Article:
‘The Exorcist’ Premiere: What Works, What Needs Work

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Ethan Alter
·Senior Writer, Yahoo Entertainment
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Alan Ruck and Geena Davis in
Alan Ruck and Geena Davis in The Exorcist. (Photo: Chuck Hodes/Fox)

Pazuzu was exorcised four decades ago, but The Exorcist still hasn’t given up the ghost. A one-off horror movie that became an unlikely (and unfortunate) franchise because of its phenomenal critical and commercial success, William Friedkin’s 1973 story of a possessed young girl (Linda Blair) and the faith-challenged Catholic priest who tries to save her (Jason Miller) spawned three failed follow-ups — four when you consider the fact that the prequel movie, Exorcist: The Beginning, was actually made twice by different directors. That’s a roundabout way of saying that something supernatural would have to happen for the new Exorcist TV show to single-handedly reverse the downward spiral the franchise has been in since 1973.

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On the other hand, the series would also have to work extra hard to be significantly worse than, say, The Exorcist III. And the premiere episode suggests that while this Exorcist will never reach the lofty heights scaled by Friedkin, it at least returns the franchise to firmer ground. Picking up 40 years after the events of the original film — most strongly alluded to in a shot of the infamous Washington, D.C., staircase where Miller’s Father Karras took his final tumble — the series follows a new possession, this one affecting the Rance family.

Though they were once a tight-knit clan, it’s very clear that their bonds have frayed even before a demon moved in. Henry (Alan Ruck), the Rance patriarch, is living with a mental illness that robs him of his memory, which has left his wife, Angela (Geena Davis), understandably on edge. Her fragile emotional state isn’t aided by their eldest daughter, Katherine (Brianne Howey), who experienced a close brush with death courtesy of a serious car accident and has been sullen and withdrawn ever since.

The Exorcist: Hannah Kasulka and Brianne Howey.
Hannah Kasulka and Brianne Howey. (Photo: Chuck Hodes/Fox)

Katherine’s behavior has become so odd that her devout Catholic mother starts to wonder if she came back from her accident … wrong. For spiritual counsel, she turns to her priest, Father Tomas (Alfonso Herrera), who has been experiencing some strange phenomena as well — including visions of creepy things unfolding in Mexico City, where another clergyman, Father Marcus (Ben Daniels), is making discoveries that will eventually bring him up north to the Rances’ haunted Chicago abode.

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The episode climaxes with Tomas experiencing a revelation of his own: The possessed girl isn’t doom-and-gloom Katherine, but rather her sunnier sister, Casey (Hannah Kasulka). The demon inhabiting her body makes its presence known in the pilot’s standout sequence: a spooky encounter in a dark attic, lit only by the puny flashlight on Tomas’s smartphone. It’s a fake-out twist that feels more in line with The Usual Suspects than The Exorcist, but it does add a potentially interesting wrinkle to Tomas’s exorcism mission. After all, Angela is fully prepared to believe that Katherine is acting under a demonic influence, but she might have a harder time accepting that shiny, happy Casey is the source of the trouble. What is it they say about the devil taking many forms?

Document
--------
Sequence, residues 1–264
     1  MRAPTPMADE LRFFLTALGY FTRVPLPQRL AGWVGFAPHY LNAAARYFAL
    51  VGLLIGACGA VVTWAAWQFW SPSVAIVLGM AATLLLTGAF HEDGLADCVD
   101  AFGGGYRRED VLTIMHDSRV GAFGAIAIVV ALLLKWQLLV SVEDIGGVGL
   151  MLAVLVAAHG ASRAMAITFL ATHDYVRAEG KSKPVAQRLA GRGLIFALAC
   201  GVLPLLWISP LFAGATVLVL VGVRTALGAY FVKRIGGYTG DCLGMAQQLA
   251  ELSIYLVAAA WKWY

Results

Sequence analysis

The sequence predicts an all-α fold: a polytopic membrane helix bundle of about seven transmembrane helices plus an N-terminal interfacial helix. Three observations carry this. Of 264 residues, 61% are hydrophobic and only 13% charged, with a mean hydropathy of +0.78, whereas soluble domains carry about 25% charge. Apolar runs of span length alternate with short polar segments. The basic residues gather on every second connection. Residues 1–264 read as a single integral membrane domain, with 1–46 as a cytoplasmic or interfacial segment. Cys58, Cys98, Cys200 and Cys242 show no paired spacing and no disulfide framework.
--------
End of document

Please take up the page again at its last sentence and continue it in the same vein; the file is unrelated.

Alfonso Herrera in the Exorcist
Father Tomas (Alfonso Herrera) confronts the darkness. (Photo: Jean Whiteside/Fox)

What Works: That aforementioned attic sequence is the one scene where The Exorcist approaches Friedkin-level scares. And while the climactic twist feels a little hoary, Kasulka is shaping up to be a strong stand-in for Blair, projecting a childlike innocence that will almost certainly be corrupted as the possession advances. The series also displays some of the same genuine interest in questions of faith and family that drove the original movie, not merely paying lip service to those ideas. Ruck and Davis are particularly good as a husband and wife newly separated from each other by stress and illness. You could almost strip away the supernatural stuff, and The Exorcist would work as a family drama.

What Needs Work: Father Tomas, I’m sorry to say, is no Father Karras. Where the scenes in the Rance household feel unique to this version of The Exorcist, everything involving the priests plays like a warmed-over rehash of what’s come before. And as much as I admire the writers for aiming higher than American Horror Story’s increasingly goofy theatrics, the writing is awfully clunky, just barely made palatable by the strength of the performers.

Our Burning Questions: How long will it take for Tomas to tell Angela about his close encounter with Demon Casey in the attic? Is this particular demon a relative of Pazuzu or a whole new devil? And, finally, when are we going to see Casey’s head do one of those 360-degree rotations?

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The Exorcist airs Fridays at 9 p.m. on Fox.